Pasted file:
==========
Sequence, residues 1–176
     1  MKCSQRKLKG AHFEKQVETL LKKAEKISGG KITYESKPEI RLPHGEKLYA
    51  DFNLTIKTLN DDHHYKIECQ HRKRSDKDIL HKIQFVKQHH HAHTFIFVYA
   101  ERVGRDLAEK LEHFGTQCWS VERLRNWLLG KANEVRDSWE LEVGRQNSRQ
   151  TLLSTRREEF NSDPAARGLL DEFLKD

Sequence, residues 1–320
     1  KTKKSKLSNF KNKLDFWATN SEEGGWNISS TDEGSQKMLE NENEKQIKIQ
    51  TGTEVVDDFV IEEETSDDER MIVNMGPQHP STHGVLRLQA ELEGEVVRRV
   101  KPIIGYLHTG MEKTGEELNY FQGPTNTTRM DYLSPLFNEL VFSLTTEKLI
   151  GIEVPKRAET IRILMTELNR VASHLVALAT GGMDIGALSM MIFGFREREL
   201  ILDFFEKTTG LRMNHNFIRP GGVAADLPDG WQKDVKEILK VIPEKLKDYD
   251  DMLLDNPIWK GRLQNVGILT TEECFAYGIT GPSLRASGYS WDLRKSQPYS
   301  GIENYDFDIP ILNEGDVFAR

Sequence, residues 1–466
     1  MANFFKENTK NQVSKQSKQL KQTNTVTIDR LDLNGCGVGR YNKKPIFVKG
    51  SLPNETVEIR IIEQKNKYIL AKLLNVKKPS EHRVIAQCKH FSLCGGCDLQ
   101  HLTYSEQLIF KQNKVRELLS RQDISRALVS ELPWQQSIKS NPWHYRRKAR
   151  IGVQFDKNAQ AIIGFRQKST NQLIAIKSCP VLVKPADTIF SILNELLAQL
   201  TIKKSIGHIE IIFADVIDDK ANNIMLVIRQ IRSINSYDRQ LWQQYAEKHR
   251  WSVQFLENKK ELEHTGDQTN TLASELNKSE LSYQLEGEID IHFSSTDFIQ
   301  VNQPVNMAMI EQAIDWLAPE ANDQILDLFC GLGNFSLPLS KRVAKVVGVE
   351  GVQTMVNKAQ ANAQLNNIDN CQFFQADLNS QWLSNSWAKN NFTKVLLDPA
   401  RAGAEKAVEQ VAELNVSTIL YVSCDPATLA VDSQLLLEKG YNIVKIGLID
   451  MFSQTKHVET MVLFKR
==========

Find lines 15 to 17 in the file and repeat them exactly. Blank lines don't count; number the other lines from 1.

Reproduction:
     1  MANFFKENTK NQVSKQSKQL KQTNTVTIDR LDLNGCGVGR YNKKPIFVKG
    51  SLPNETVEIR IIEQKNKYIL AKLLNVKKPS EHRVIAQCKH FSLCGGCDLQ
   101  HLTYSEQLIF KQNKVRELLS RQDISRALVS ELPWQQSIKS NPWHYRRKAR